Abu Dhabi-backed scheme is helping people with disabilities strike up new friendships

The Rab3i buddying platform encourages those with special needs to become more socially active

DUBAI, UNITED ARAB EMIRATES. 16 SEPTEMBER 2020. Shaddy Gaad (white vest) and his autistic buddy Omar Al Hashimi (Riding helmet) while cycling by the Creek in Business Bay. Since getting connected through the Rab3i platform which pairs people of determination with regular people who share their interested so they can have normal friends, they have been going out every 10 days to activities like cycling, swimming, playing video games and so on. (Photo: Antonie Robertson/The National) Journalist: Haneen Dajani. Section: National.

An Abu Dhabi-backed project to help people with special needs forge new friendships is well on its way to transforming lives.

The Rab3i buddying platform encourages those with intellectual disabilities to become more socially active by pairing them with volunteers who share similar interests.

The community-spirited initiative was turned from a bright idea into a reality thanks to key investment from Maan, the Authority of Social Contribution.

Rab3i was one of 10 potential start-ups chosen through the Maan Social Incubator programme last September to receive up to Dh200,000 in funding to get their plans off the ground.

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Ali treated me like a brother, and told me that I am a member of society and should not worry about people's reactions

A year on, the initiative is making a difference and has matched six pairs.

Kamleh Khatib, 39, co-founder of Rab3i, was keen for people with disabilities to be afforded the opportunity to broaden their horizons.

"I started thinking how I am enjoying life because I am socially very active, so I felt that I wanted vulnerable people to have the same privilege," said the Italian-Palestinian.

“We did a survey for people with special needs and discovered that the majority either have zero friends, or friends who are like them from the school or institute they go to.

“And their social set-up mainly consists of family members; they don’t have young men and women their age to do hobbies and activities with. They are mostly under supervision by their caregivers.”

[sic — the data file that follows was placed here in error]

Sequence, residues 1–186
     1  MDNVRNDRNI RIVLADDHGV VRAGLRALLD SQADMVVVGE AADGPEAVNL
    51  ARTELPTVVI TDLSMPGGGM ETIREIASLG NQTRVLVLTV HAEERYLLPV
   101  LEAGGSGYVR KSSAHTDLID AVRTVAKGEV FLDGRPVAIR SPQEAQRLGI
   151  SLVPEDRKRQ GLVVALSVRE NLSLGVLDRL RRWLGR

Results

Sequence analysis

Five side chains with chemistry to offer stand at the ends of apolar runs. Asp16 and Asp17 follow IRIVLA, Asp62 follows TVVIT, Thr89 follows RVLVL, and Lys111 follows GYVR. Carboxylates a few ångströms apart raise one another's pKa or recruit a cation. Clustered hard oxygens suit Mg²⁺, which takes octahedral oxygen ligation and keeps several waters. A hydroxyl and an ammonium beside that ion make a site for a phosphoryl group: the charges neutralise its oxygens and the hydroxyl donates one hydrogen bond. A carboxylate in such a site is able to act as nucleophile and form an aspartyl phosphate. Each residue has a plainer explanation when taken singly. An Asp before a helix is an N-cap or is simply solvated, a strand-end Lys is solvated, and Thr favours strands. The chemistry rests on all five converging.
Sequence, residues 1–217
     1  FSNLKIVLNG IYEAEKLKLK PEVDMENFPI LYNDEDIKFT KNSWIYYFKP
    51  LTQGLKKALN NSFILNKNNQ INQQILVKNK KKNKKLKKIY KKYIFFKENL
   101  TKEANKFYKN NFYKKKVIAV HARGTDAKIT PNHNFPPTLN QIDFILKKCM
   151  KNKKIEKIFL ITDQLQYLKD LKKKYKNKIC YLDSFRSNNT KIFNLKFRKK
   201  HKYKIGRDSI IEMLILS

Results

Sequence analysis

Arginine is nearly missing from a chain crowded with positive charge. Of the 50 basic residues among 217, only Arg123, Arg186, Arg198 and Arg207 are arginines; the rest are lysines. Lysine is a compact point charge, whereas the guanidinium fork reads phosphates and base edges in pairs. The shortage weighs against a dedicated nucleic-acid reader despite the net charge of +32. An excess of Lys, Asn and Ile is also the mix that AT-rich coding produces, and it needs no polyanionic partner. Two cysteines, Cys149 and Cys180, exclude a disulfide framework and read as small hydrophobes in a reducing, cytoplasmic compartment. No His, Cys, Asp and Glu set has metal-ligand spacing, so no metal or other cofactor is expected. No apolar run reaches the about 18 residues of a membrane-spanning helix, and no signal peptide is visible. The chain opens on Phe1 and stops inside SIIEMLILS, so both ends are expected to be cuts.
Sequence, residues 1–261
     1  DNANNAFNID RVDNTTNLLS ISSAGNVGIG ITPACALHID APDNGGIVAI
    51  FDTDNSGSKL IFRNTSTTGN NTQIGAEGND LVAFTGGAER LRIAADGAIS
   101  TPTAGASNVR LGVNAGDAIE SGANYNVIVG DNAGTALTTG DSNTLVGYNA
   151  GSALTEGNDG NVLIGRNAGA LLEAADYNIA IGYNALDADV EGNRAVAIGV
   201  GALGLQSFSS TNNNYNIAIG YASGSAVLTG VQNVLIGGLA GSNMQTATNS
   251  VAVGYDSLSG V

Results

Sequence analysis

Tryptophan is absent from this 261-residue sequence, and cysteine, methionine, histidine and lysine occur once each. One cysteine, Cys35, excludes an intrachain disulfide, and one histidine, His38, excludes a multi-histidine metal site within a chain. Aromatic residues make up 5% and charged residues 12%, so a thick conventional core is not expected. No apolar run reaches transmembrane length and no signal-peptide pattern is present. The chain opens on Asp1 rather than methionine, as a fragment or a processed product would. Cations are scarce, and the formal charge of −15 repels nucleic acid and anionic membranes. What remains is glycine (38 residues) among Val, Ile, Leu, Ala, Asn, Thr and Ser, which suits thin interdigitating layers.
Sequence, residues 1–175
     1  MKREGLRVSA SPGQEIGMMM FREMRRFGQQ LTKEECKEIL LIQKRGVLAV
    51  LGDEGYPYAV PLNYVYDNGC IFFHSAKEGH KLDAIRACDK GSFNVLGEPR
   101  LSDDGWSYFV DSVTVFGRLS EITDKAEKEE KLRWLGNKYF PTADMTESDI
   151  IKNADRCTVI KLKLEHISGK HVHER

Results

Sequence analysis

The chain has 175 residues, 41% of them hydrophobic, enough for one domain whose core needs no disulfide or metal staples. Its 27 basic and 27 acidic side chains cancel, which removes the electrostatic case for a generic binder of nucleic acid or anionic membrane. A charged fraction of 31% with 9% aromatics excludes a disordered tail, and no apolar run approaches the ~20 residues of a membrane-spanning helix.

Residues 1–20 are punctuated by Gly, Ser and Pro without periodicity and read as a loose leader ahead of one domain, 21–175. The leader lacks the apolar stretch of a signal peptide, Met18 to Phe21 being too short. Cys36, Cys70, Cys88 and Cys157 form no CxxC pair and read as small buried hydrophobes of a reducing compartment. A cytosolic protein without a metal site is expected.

Rab3i aims to change that by building a database of volunteers and people with special needs and create suitable matches.

The buddies are then trained to prepare them for their first outing.

“We do simple training on how to communicate with one another, we give them communication tips and what to do in certain scenarios," said Ms Khatib.

“And we remind the volunteers that they are not a parent or a caregiver, their role is to help the person gain independence and have friends.

“We also explain to the volunteer that he is more of an impact-maker, we tell them not to approach the experience as a community involvement, but as a life-changing experience for both sides.”

Shaddy Gaad, 31, who was paired with Omar Al Hashimi, 21, an autistic Emirati in Dubai, is enjoying the experience.

"Every time I've been out with Omar, I had a really nice time, more than when I go out with my close friends," said the Egyptian.

The pair have been meeting every two weeks to take part in activities such as cycling, swimming, playing video games, or just to dine.

“My interests are very vast, I like bowling, cycling, swimming – there isn’t much that I don’t like, and Omar is into outdoor activities, so they matched me with him,” said the marketing manager of Guinness World Records in the Mena region.

Abu Dhabi, United Arab Emirates, September 16, 2020.  Ali Al Jaberi and his pod buddy Mohamed Al Aydaroos (who suffers from psoraisis) as they do their weekly Wednesday hang outs at Joud Cafe after having met through the Rab3i platform, which pairs people of determination with regular people who share their interests so they can have normal friends.  
Victor Besa /The National
Section:  NA
Reporter:  Haneen Dajani

Finding friendship and fresh motivation

Mohamed Al Aydaroos, 26, had initially signed up to be a volunteer but ended up following a different path.

He suffers from the skin condition psoriasis, which he said he did not consider a disability.

“I don’t care [about the stares and comments] it doesn’t affect me, because I know who I am and I don’t need acceptance from others," he said.

Mr Al Aydaroos first signed up to Rab3i to volunteer to befriend people with special needs.

“Then they suggested that I get paired with one of the volunteers,” he said.

When he started meeting up with his buddy, Ali Al Jabri, he said he was hesitant about meeting him in crowded places, to avoid awkward situations.

"But Ali treated me like a brother and told me that I am a member of society and should not worry about people's reactions; when we entered a gathering for instance, he proudly introduced me to them," he said.

They have been meeting every Wednesday for coffee and “valuable conversations”.

“Ali always discusses career plans with me and motivates me,” he said.

"For him time is valuable, he always has a five-year-plan, this is what I learnt from him."

While many volunteers have signed up, the challenge is for more people with special needs to come on board, said Abeer Amiri, 31, co-founder of Rab3i.

"The biggest challenge we are currently facing is getting the word out about the platform, so that more people of determination and other individuals from the community can register and participate," said the Emirati.

Volunteers who wish to be paired with people with special needs through Rab3i must be registered with volunteers.ae and have been issued a good conduct certificate from the police.